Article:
RPGs at Home

By Joshua Carlson, Manager of Youth Services.

Role Playing Games are a fantastic way to work on creative, shared storytelling. Allowing all players to build their characters, help to direct the story, and use their imaginations, RPGs are not only fun, but a wonderful way to engage each other while stuck at home. And, you don’t have to even be stuck at home together! Apps such as Discord provide an easy-to-use system with text and chat to allow the game to take place virtually, as if you players were in the room together. No dice? There are apps for that, and Google itself can even roll dice for you! Need to roll three 12-sided dice? Just type “3d12” in Google and see what happens.

While I can’t direct you to any eBooks available through the Library, I can point you to some great, inexpensive, downloadable / print and play versions of RPGs you can use at home, as a beginner and with your family. Most of these will be available to purchase and download from DriveThruRPG, which is a great resource for printable gaming. If you go through the site, and its companion site DriveThruCards, you can easily find a ton of inexpensive, pay what you want, or even free download and print games.

First, I recommend Kids Dungeon Adventure. A PreK focused game where kids build a dungeon out of blocks, or LEGOs, or whatever you have. Grab some toys to be the heroes and villains. Then PLAY using the simple rules to have dungeon crawling RPG playtime experiences. And it’s only $5.99. I wanted to try this out so badly, I got it myself. My daughter and I spent a while combing through her toys for heroes and villains, and then a couple hours doing art projects: creating monster and treasure cards based on those toys. The system is simple and you only need two six sided dice (open up that unused Yahtzee!), but allowed for learning the basics of dungeon crawling. However, what was amazing was how quickly she expanded upon the basic monster fighting idea of the game and began actually roleplaying the characters. By the next game we had incorporated all sorts of elements, such as money counting to have the heroes spend the night at the inn to rest and to buy food, stats for items found in treasure chests, and more. It's an absolute blast for your child, and you!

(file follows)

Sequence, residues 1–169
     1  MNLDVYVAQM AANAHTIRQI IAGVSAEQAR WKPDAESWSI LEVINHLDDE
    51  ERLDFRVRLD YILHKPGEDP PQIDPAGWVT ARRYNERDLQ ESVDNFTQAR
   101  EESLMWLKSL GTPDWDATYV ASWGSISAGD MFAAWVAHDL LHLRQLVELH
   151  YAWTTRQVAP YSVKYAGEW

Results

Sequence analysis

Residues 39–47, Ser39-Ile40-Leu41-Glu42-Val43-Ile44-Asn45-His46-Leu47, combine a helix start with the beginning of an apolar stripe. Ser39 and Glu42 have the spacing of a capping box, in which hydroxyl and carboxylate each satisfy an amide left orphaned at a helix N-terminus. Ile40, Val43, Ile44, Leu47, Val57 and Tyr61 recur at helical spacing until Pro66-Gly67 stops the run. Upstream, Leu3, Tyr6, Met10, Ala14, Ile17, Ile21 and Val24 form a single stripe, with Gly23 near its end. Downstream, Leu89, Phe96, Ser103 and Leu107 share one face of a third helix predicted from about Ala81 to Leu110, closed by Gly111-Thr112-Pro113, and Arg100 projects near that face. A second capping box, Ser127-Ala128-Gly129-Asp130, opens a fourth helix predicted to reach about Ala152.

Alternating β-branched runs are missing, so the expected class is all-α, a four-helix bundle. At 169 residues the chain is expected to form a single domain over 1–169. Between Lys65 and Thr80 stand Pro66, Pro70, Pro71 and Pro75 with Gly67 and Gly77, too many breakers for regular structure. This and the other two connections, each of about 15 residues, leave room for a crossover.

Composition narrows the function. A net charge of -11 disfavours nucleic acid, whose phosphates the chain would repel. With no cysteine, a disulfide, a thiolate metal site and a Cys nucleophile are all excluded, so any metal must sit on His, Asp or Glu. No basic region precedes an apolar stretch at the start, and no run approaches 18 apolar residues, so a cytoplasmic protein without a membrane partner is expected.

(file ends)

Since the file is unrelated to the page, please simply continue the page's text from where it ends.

Hero Kids. It’s easy to learn, fun to play, and only $5.99 on DriveThruRPG for a PDF version. It’s great for families with kids ages 4-10 and is available in several languages. And, if you feel like growing your story and game, there are several expansions you can get. If you’re really interested in Hero Kids and its possibilities, or if your time stuck at home drags on and you need help expanding your stories, you can get the complete bundle of 23 Hero Kids titles for $19.95. Here’s an article from Wired about using Hero Kids and some tips and tricks.

No Thank You, Evil! Designed by one of the great RPG industry veteran designers, Monte Cook, this game is hailed for its streamlined, creative and fun approach to introducing RPGs to kids and families. Available through Monte Cook Games, it’s a bit more money at $10 for the base game PDF, but definitely a well-made product, with expansions available.

GeekDad called Little Wizards the “perfect way to introduce your kids to roleplaying games,” which is high praise and it’s only $14.95. Little Wizards focuses on “inquisitive storytelling” for families with kids ages 6-10.

Amazing Tales is a well-reviewed, family-focused RPG that at its core lets your kids play any kind of character they want, quickly and easily. A robot? A superhero? A princess? A pirate? A T-Rex? Sure! Just grab a comfy spot and game on.

First Fables is free, and is geared specifically towards helping parents for the first time run and storytelling RPG experience for their kids. It’s a simple introduction before moving on to some of the other more robust and engaging titles here.

Expedition is a free-to-print card and app based gaming system, that uses the cards as a means to help tell the stories. One of the cool things about Expedition is that it encourages you to create your own cards and tools to use as you play the game in order to customize the game to the stories you want to experience.

Mouse Guard RPG is the most expensive I will recommend at $19.95 for the base game PDF, but if you want to step your game up a bit, it’s so good. Great storylines, great art in the books, and the game is designed to appeal to both beginners AND veteran RPG players. If you’re familiar with the Redwall series by Brian Jacques, you’ll have an idea of what this is like: a fantasy world populated with heroic animals protecting their kingdoms against predators and dangers while having adventures.

One last recommendation, the award-winning system Dungeon World. Dungeon World is not solely “child/family targeted” which can allow for various player groups to find it interesting. It is also a more fully-featured traditional fantasy-world RPG system (like Dungeons & Dragons, but way less complicated and only $10 for the PDF) that focuses on simple rules, open-ended storytelling adventures, and fun.

Finally, here’s some articles about getting started with family RPGs, which also include suggestions for other games:

Categories: eNewsletter, Featured, Homepage Kids, Kids, and Library News.

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